The job of a bicycle designer parallels that of a surgeon in many senses: triage what’s wrong, decide what no longer functions, find a way to solve the problem and repair or replace whatever needs fixing. And like any good surgeon knows, if the spine fails, so too does the rest of the body.
In the cycling world, the frame is a bicycle’s spine. Without a healthy frame to attach components onto, a bike can only function to the best ability of that hobbled frame. Indeed, frames are often the weakest links on bicycles, rusty chain puns notwithstanding.
And so when Albert Hobbs claimed in an advertisement, “A cycle is as good as its frame,” it served as a fine indication the founder of Hobbs of Barbican understood his craft the way a surgeon understands the human body. With such credibility to his character and name, Hobbs began manufacturing well-crafted bicycles with frames that were not only functional, but also strong and reasonably well refined.
This article references information graciously made available at Bruce Robbins’ Hobbs of Barbican site.
Hobbs started his business in 1930 at what is now the Barbican Centre located in central London, though his earliest-dated model, a Raceweight, was not commercially produced until February 1933. Back then, the Barbican was an outwork — not a gateway or military outpost, as is commonly associated with the term.
Like so many other bicycle manufacturers of the era, Hobbs made a name for himself by crafting frames that stressed durability and then punctuating them with ornate, hand-filed lugs. Hyman Hetchin’s frames are often thought of in this way, too.
Hobbs’ business took off quickly and continued gaining momentum through the 1930s and even into the very early 1940s. Hobbs of Barbican had been founded in an era conducive to selling bicycles, as the ridership boom of the 1920s carried over into the early thirties to create a thriving international cycling industry. All of that would evaporate a short but generally sweet decade later when the Second World War struck, with British involvement commencing in 1939.
Once the war hit, Hobbs suffered mightily. The city of London faced severe casualties, as well as physical damage, and the robust pre-war cycling market vanished faster than an opening breakaway does. Hobbs was forced to move his operation out of the Barbican and into Sterling Works at Dagenham.
After the war had taken its toll, Hobb’s bicycle business started thriving once again but his war-related hardships did not end with Victory Day on May 8, 1945. Hobbs had chosen to locate his frame building business in the same factory that housed the construction of Sterling and Owen machine guns, and eventually his bicycle business was forced out of the factory for national security purposes.
Hobbs continued operating his business as a bicycle retailer, but the company as previously known was now in danger of failing. Hobbs of Barbican finally succumbed to these market forces in the late 1950s, only after subsisting as a retail operation – the glorious frame building side of the company now gone – for several years.
There was a brief resurgence of the brand in the 1970s, but unfortunately for classic lightweight bicycle enthusiasts, it was relatively short-lived. The resurgence consisted of a limited run of Hobbs’ most popular model, the venerable Blue Riband, but several collectors have since speculated the new production run was simply an effort to use up extra lugs that had been sitting around for years.
Barring this exception in the 1970s, the Hobbs of Barbican brand died with an epitaph all too common among other cycling-related brands of its era: beautiful bicycles and their breakthrough components sacrificed to the ravages of war. The desire for Albert Hobbs’ lovely bicycles never faded, though, as vintage collectors began seeking out his frames with their ornate, signature lug work and proudly raked forks with their double crowned construction, and the all-around craftsmanship and hand-built prowess each of these came to embody over the years.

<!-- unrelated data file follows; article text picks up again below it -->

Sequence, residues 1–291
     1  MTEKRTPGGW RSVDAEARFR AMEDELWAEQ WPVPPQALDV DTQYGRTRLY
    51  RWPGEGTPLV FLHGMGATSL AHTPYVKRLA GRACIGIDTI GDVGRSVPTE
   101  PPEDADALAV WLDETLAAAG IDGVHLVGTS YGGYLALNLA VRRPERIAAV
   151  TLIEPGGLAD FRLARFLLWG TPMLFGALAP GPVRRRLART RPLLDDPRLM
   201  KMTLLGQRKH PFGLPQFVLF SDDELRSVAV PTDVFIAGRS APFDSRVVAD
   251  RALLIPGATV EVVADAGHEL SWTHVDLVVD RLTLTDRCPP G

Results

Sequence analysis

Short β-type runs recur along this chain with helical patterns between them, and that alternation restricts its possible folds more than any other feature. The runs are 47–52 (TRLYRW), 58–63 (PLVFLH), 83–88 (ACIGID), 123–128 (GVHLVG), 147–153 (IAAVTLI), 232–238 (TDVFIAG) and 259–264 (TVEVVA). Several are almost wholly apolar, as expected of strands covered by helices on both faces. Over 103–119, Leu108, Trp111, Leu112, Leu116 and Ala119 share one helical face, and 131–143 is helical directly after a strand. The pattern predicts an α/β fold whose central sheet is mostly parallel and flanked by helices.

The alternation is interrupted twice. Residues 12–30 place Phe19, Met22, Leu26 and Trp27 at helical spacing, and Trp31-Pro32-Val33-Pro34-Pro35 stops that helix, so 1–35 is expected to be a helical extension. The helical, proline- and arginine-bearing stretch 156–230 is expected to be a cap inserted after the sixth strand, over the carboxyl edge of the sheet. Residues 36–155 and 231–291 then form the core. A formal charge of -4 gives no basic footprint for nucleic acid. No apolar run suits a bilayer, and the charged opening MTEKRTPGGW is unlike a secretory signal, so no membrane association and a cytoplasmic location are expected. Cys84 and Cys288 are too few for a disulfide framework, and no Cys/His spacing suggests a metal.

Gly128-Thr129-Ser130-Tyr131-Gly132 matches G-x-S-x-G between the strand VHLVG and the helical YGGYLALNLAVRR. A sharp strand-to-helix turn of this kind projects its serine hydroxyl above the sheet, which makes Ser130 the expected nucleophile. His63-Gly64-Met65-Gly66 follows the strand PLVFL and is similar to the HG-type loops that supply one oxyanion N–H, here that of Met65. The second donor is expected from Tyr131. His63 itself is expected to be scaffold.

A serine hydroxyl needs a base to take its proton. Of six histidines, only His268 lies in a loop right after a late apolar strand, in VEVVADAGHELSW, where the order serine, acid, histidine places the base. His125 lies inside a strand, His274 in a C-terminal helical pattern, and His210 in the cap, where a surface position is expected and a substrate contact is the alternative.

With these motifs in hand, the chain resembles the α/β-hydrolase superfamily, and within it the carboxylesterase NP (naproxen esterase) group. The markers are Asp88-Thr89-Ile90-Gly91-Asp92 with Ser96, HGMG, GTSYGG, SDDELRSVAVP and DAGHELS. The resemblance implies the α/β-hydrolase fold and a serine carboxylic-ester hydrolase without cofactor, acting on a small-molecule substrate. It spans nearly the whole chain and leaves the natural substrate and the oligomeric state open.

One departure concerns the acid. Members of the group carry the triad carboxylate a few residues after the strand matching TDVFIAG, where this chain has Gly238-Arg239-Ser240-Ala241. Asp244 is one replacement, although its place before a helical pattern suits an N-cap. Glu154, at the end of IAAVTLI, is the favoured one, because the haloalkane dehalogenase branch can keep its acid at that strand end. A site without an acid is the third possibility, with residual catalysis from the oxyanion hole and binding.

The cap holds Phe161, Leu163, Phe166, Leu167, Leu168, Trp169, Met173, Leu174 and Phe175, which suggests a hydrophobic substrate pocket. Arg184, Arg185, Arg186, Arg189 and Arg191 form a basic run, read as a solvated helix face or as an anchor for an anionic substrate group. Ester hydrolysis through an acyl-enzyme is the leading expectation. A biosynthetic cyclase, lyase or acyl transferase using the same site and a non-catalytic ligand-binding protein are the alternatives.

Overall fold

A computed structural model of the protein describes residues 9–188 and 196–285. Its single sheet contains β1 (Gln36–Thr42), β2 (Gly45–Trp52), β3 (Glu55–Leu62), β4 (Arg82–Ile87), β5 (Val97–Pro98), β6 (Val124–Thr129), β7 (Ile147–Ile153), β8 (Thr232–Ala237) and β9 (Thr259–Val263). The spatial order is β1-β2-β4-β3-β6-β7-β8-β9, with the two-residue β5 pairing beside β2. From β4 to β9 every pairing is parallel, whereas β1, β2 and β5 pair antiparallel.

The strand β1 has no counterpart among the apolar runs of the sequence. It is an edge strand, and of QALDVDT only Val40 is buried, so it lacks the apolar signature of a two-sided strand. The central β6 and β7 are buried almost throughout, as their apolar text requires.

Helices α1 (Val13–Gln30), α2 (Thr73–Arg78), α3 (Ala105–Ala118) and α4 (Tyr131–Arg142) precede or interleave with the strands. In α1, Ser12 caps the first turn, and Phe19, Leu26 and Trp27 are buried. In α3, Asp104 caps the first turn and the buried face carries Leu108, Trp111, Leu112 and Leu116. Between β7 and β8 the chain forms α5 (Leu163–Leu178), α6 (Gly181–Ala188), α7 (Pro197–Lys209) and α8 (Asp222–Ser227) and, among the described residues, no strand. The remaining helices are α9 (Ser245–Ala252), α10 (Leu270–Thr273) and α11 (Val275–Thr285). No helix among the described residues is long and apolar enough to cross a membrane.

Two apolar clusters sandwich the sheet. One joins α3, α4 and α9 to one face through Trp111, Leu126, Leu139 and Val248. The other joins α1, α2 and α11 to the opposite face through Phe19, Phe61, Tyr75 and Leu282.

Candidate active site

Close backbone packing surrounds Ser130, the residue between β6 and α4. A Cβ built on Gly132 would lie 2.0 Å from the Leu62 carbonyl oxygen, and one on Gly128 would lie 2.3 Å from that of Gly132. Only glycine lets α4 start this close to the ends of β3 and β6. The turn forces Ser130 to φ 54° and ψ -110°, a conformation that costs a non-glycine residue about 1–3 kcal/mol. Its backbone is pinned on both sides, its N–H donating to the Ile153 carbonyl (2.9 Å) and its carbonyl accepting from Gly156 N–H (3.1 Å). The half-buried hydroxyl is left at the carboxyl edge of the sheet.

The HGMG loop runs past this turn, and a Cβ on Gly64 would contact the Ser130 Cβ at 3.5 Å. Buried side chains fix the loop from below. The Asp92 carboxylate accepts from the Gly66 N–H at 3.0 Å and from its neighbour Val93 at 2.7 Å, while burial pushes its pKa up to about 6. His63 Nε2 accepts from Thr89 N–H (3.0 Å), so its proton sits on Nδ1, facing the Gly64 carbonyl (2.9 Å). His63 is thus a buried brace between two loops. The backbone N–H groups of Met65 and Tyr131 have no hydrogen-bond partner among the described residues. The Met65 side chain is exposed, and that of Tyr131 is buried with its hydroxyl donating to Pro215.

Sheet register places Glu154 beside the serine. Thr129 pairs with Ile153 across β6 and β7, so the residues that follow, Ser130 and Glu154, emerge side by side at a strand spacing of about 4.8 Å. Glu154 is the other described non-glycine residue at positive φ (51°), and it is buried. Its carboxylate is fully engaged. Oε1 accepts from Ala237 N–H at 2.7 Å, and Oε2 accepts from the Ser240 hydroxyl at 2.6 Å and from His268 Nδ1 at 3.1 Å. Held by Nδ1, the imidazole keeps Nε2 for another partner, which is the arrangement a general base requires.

Hobbs of Barbican covered all the bases in that regard. Throughout its two and a half decades as a frameset building entity, the company also supplemented those efforts by manufacturing standout components, too. These well crafted components were marketed under the Lytaloy brand name and only sold in a very limited selection.
Lytaloy parts certainly make for beautiful components, with many featuring highly polished finishes and meticulous craftsmanship, but some believe the components were made by subcontractors and merely marketed with the Hobbs of Barbican/Lytaloy name. Regardless, it showed Albert Hobbs’ desire to present the highest-quality products possible to his customers, which was reflected in these fancy components every bit as much as in his well crafted and popular framesets.
The Lytaloy line included headsets (which boasted a micrometer adjustment using a serrated cone and lockring), pedals, brakes, mudguards, bottom brackets and light brackets. It also included an alloy chain, but this was met with less success than the other components due to a lack of durability that caused the chains to break frequently.
As was the case with his frames, Hobbs marketed his Lytaloy components effectively and with gusto. This was evidenced in a catalog that describes his pedals as,
“A refinement that will find an immediate appeal among all enthusiastic cyclists whether they ride for business, pleasure, or sport and the price is reasonable for such a high grade component.”
The chainwheel set was marketed as a light, yet strong set-up, with a finer focus on the strength aspect of the component. Touting the sturdy, fluted crank arms made from an aluminum alloy that had only recently hit the market, Hobbs stressed the importance of strength over weight savings.
In addition, chainring replacements were lauded as easy endeavors due to the fact that neither the crank arm nor pedal needed to be removed for the process. This is no great feat nowadays, but in the late 1930s and early 1940s when the product first hit the market, it was a relatively new concept and certainly worth mention in cycling adverts and reviews.
Hobbs presented several models for distribution in its relatively brief history. With ever-changing production methods and constantly shifting market dynamics, his models varied drastically in style and pricing throughout the nearly three decades Hobbs of Barbican sold its products.
The most popular model, the Blue Riband, was hand-built by the company’s finest frame builders and featured ornate lugs and Hobbs or Lytaloy components such as pedals. Though much of the information regarding specific models has faded over the years, remaining catalogs feature such models as: Continental, Raceweight and Criterium.
Most models were available in either a lugged or fillet-brazed version. As any bicycle collector knows, innovation is what drives the cycling market, where outdated techniques become obsolete and bicycles made using those techniques become vintage.